In another preferred embodiment, a strain is created which has a deletion, insertion or substitution in the chromosomal mar activator locus such that functional mar activator cannot be produced. In another embodiment, a chromosomal deletion, insertion or substitution is introduced which is not in the mar activator locus but which entails a frame-shift upstream of the locus such that functional mar activator protein is not produced. In another preferred embodiment, the entire mar operon or a substantial part of it may be deleted (see Example 7). As disclosed above, such deletions, insertions or substitutions may be achieved by homologous recombination between the chromosomal mar operon and a properly constructed plasmid. To further increase sensitivity to antibiotics, the E. coli ORF 64 and/or ORF 156/157 loci, or their homologs in other species, may be similarly inactivated. Thus, in preferred embodiments, insertions, deletions, substitutions or frame-shifts are introduced into a bacterial chromosome which substantially decrease expression of ORF 64, ORF 156/157 or their homologs.

In a most preferred embodiment, a mar repressor locus is introduced within the cells on a vector. In this embodiment, the mar repressor locus is operably joined to a regulatory region other than a mar regulatory region such that it is expressed irrespective of its own presence. Preferably, the regulatory region will contain a strong promoter and the vectors are high copy-number plasmids. For some uses, as disclosed below, it may be preferable that the plasmid be temperature sensitive. Given the sequences disclosed herein, as well as the methods provided for identifying substantially homologous mar operons in other species, one of ordinary skill in the art is enabled to produce such vectors (see Examples 2 and 3).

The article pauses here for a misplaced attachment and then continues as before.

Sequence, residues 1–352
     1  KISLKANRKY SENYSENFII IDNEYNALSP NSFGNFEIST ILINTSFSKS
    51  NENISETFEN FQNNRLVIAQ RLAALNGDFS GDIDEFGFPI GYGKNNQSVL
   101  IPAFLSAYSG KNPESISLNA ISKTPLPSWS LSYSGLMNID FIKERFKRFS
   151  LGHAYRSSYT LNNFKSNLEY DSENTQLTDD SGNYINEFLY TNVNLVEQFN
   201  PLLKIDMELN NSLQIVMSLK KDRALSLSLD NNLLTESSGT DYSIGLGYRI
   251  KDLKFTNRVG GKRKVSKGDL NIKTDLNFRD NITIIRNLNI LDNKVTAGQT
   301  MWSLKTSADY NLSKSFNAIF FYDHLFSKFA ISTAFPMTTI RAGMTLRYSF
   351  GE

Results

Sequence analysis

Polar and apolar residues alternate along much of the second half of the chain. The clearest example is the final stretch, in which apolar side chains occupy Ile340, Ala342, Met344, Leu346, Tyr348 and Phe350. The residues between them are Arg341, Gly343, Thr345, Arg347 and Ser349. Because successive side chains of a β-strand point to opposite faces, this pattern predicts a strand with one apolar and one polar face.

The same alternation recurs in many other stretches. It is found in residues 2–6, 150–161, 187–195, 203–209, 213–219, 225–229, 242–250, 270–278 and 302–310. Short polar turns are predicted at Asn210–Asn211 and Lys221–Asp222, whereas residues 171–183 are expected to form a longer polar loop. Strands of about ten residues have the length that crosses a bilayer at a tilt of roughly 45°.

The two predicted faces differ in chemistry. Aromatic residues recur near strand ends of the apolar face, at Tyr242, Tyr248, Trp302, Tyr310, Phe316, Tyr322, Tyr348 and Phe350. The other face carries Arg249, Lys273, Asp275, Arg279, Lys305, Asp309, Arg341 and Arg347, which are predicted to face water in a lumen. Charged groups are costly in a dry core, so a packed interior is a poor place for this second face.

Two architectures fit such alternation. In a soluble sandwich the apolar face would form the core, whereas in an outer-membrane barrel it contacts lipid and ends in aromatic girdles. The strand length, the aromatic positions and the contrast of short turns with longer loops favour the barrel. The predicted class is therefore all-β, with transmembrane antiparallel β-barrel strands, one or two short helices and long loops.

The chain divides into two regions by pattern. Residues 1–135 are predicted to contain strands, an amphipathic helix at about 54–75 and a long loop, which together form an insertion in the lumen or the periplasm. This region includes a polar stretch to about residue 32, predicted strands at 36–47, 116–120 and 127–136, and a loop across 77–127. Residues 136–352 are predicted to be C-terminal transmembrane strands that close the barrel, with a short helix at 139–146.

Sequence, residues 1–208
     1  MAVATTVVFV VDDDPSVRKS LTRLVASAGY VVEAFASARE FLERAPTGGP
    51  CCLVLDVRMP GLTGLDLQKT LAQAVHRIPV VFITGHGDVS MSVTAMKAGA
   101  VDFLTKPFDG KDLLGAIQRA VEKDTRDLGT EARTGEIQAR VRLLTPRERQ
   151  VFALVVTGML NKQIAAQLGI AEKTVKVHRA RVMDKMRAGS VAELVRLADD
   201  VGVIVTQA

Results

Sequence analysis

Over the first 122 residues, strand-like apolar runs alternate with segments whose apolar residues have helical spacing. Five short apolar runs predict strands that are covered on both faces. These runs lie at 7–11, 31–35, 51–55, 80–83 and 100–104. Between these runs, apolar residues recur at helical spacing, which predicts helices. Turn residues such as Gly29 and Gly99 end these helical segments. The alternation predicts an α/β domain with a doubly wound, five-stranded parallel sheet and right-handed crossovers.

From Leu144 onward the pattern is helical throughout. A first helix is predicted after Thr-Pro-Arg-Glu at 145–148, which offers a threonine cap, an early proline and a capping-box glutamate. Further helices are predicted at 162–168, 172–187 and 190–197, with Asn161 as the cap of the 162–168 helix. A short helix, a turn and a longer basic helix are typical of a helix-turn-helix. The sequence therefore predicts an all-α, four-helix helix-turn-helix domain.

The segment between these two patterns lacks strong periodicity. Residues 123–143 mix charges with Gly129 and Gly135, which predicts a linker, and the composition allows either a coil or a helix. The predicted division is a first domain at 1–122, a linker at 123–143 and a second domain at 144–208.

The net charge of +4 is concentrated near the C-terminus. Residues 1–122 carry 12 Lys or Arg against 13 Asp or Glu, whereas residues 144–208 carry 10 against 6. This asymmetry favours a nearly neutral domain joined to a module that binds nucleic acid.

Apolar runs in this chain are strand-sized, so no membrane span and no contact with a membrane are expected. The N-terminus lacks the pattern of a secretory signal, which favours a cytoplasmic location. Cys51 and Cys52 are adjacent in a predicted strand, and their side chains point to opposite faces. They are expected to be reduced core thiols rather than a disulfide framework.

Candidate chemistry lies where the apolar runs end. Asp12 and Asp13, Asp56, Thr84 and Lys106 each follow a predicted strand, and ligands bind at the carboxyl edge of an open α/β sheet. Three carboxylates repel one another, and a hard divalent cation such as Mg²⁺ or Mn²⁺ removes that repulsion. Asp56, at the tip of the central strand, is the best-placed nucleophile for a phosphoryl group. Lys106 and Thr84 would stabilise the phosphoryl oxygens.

The present invention also provides an assay for compositions which induce a Mar phenotype by interfering with the activity of a mar repressor or which increase the sensitivity of cells to antibiotic compositions by enhancing the activity of a mar repressor. In each embodiment, cells which are not characterized by the Mar phenotype are exposed to a composition and then the level of expression of a locus under the control of a mar regulatory region is assayed. The locus may be contained within a mar operon or may be operably joined to a mar regulatory region and introduced into the cells on a vector.

In one embodiment, the level of a protein product of a locus under the control of a mar regulatory region is directly measured. This may be accomplished by, for example, polyacrylamide gel electrophoresis or by any of a variety of other means which are well known to those of ordinary skill in the art.

In another embodiment, the levels of the mRNA transcript of a locus under the control of a mar regulatory region are directly measured. This may be accomplished, as is well known in the art, by performing a Northern hybridization with a probe which has been radioactively labeled with 32P and measuring the level of radioactive probe bound. In a preferred embodiment, the locus is a mar operon activator locus (see Example 8). Probes for such a locus are disclosed above. In addition, in another preferred embodiment, the locus is at least one of the open reading frames of the E. coli Region I (see FIG. 1) disclosed in SEQ ID NO: 1.

In a preferred embodiment, a fusion of a marker locus to a mar regulatory region is introduced within the cells. One such fusion is disclosed in Example 6. In one embodiment, the marker fusion of Example 6 is introduced within cells and the cells are then grown in LB broth at 30° C. for one hour in the presence of the compound to be tested. The level of activity of the β-D-galactosidase marker can be determined by the O-nitrophenyl-β-D-galactoside assay described in Maniatis, et al. (1982).